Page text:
Make sure to inspect the genitals after the abdomen. Movements of the abdominal wall.

Skin, veins, and pigmentation of the abdomen. Groin, penis, and scrotum: Note any swelling or abnormal position.

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Palpation Mould the hand to the abdominal wall. Use gentle firm pressure. Ask the patient to take a deep breath to make detection of organs easier.

Use a logical sequence to avoid missing anything. Left kidney: Not normally palpable unless it is low in position or enlarged. If the lower pole is felt, it is rounded firm swelling between the right and left hands bimanually palpable and can be pushed from one hand to the other Spleen: Not normally palpable, unless it is enlarged two to three times its size o Minor enlargement: firm swelling with smooth, rounded borders o Considerable splenomegaly: firm swelling, beneath left subcostal margin, in the left upper quadrant of the abdomen, moves downwards on inspiration, is not bimanually palpable, upper border cannot be felt, notch sometimes felt in the lower medial border Right kidney: Lower pole is commonly palpable in thin patients, smooth, rounded swelling which descends on inspiration and is bimanually palpable.

Liver o Describe the enlargement of the liver as centimeters of enlargement below the costal margin use a ruler if possible. At the height of inspiration the breathing stops with a gasp as the mass of an acutely inflamed gallbladder is palpated which is exquisitely tender o Courvoisiers Law: in the presence of jaundice a palpable gallbladder makes gallstone obstruction of the common bile duct unlikely Urinary bladder: Normally not palpable. Note the width of the aorta. Can you feel the inferior edge of the mass, or does it disappear into the pelvis?

Can it be moved by palpation? Does it have side to side mobility? Does this pulsation come from the mass or is it transmitted by the mass? Feel for any guarding o Involuntary reflex contraction of the muscles of the abdominal wall o Determine if this is truly involuntary, or if it is voluntary contraction Feel for rigidity Board-like abdomen Feel for rebound tenderness o Palpate slowly and deeply over the abdomen o Release the palpating hand, and observe to see if the patient experiences severe pain o o Percussion Define the boundaries of abdominal organs and masses Liver o o o o o Start anteriorly, at the 4th intercostal space in the midclavicular line.

The note should be resonant because you are over the lung at this height.

Move vertically downward the chest wall as you percuss The note will become dull at about the intercostal space as you move over the liver The dullness extends down to the lower border at or just below the right subcostal margin o Normal liver height is 12cm to 15cm Spleen: Normally not able to discern splenic size based on percussion.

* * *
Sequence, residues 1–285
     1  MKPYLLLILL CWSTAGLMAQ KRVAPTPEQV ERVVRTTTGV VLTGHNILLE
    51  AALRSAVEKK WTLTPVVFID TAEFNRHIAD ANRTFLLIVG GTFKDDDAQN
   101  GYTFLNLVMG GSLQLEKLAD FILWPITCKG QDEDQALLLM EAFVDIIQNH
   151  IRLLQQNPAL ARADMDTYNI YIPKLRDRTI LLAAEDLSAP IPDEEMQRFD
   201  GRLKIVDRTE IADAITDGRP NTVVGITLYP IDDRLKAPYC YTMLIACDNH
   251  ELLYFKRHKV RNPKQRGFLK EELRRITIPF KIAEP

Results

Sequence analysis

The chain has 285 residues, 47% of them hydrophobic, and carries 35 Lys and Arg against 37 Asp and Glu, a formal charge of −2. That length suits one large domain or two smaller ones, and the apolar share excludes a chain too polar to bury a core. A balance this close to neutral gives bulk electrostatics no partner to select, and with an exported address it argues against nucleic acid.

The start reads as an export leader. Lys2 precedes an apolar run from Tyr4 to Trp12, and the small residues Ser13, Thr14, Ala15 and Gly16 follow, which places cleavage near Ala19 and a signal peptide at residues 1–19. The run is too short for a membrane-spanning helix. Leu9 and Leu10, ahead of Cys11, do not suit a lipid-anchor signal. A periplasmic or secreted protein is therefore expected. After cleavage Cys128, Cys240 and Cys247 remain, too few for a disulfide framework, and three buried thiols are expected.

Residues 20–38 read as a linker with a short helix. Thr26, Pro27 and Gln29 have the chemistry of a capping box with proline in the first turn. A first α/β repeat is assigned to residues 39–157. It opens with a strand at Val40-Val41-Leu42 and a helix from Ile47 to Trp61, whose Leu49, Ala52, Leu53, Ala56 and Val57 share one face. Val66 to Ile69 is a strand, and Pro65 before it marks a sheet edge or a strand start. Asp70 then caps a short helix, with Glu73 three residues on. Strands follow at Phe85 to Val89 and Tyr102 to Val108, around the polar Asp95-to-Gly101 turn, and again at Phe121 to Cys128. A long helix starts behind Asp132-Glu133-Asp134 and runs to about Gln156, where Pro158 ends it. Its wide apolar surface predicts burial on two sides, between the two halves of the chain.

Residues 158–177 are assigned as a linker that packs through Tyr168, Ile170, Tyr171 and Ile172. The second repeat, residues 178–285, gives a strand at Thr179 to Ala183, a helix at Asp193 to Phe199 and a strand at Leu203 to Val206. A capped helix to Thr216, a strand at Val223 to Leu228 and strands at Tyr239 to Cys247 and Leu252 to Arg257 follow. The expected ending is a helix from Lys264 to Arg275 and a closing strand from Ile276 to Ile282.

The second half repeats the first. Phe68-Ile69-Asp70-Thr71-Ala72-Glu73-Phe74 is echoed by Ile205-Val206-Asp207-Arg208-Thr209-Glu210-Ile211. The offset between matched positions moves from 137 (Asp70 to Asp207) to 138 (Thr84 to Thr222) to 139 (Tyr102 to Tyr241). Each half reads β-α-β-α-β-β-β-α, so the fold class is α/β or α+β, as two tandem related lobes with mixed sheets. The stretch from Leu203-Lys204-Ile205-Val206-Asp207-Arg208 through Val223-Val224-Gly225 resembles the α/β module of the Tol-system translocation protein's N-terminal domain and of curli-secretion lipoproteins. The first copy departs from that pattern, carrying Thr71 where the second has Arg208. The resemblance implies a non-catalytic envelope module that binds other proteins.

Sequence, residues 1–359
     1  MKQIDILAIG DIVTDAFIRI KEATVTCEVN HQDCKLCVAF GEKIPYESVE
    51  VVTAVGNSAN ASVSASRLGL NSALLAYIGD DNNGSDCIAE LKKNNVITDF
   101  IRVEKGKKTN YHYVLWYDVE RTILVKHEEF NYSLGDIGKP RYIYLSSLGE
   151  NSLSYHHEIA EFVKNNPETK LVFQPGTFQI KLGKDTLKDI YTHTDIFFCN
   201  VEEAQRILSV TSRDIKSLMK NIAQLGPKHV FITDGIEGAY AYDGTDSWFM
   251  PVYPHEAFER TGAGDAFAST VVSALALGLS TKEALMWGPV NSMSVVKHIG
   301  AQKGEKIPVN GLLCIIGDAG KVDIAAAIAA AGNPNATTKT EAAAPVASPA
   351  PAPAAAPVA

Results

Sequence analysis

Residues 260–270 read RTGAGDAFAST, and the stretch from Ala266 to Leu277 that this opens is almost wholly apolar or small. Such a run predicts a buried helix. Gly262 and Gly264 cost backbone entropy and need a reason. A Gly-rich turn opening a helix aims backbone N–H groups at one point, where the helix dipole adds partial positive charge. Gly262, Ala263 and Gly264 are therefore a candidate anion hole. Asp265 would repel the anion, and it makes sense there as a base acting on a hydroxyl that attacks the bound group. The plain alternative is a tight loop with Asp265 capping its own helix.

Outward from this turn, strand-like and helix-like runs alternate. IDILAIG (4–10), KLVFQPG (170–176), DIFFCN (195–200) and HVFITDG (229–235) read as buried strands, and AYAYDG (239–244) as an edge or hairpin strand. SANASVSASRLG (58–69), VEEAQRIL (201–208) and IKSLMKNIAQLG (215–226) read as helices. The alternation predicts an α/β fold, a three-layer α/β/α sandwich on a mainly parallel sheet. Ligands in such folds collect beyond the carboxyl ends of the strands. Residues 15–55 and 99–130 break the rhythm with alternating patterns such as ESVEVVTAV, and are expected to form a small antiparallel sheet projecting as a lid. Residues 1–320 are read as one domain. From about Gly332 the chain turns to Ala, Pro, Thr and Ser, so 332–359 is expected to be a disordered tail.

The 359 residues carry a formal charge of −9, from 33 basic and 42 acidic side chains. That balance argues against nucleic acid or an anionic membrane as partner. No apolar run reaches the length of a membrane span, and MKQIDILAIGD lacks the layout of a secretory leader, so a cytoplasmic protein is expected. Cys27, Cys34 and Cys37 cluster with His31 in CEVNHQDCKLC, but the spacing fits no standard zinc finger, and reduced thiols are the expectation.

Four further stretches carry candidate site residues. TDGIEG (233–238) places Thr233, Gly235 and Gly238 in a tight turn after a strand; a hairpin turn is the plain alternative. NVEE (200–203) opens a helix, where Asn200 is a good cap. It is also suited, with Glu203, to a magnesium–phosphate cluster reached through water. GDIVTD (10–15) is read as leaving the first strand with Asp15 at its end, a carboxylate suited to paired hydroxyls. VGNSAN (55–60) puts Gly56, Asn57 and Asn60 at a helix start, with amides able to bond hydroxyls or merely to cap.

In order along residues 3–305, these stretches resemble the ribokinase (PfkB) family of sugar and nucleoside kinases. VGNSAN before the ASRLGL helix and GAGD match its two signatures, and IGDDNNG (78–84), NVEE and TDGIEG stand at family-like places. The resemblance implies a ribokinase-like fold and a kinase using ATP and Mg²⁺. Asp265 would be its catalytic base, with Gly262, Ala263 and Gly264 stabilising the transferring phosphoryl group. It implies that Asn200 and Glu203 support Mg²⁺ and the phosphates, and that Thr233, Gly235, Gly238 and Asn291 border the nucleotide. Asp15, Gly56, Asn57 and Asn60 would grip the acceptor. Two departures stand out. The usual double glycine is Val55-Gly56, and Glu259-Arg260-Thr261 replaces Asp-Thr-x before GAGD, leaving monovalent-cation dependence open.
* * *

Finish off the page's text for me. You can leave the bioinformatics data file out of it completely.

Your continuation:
Percussion is used to confirm splenic enlargement as it protrudes into the abdominal space. Urinary bladder: Normally not able to find with percussion. Can be dull to percussion just over the pubic bone when the bladder is enlarged from urinary retention.

Other Masses: Use percussion and the change from resonance to dullness to measure the size of masses in the abdomen. Palpation the digital rectal exam o Place lubricant on the gloved index finger of the right hand o Place the pulp of the finger not the tip flat on the anus o Press firmly and slowly, flexing the finger in a slightly backwards direction o Feel the tone of the sphincter.

Normally it grips the finger firmly o Feel for the shallow groove just inside the anal canal which marks the dividing line between the external and internal sphincter o Push the finger into the rectum o Sweep the finger through a degree circle at 2,5 , and 8cm inwards o Repeat this as the finger is withdrawn o Feel for thickening or irregularity of the wall of the canal o Feel anteriorly in men for the rectovesicular pouch, the seminal vesicles normally not palpable , and the prostate o Feel for any boggy, hard, or irregular swelling o Feel the each lateral lobe of the prostate and the median sulcus and determine whether it is rubbery and firm or abnormal boggy, hard, irregular, nodular o In women feel for the cervix, the pouch of Douglas o Inspect the finger after withdrawing 23 Common Procedures Procedure Documentation Before you begin stop and confirm: correct procedure, correct site, no contraindications.

After you finish, document the procedure in the patients file: date, time, procedure, indication, site, technique, quantity and quality of specimen, complications.The book is divided into two sections: Part 1 focuses on the clinical examination of each body system, and Lecture Notes on Clinical Medicine has a long-standing reputation for excellence and is a must-have in the run-up to final examinations and throughout the clinical years.

This book is not yet featured on Listopia. Either one is called a gallop. CN X Vagus : As the patient says ah, confirm soft palate elevates and the uvula stays midline. Lecture Notes : Emergency Medicine 4th Ed.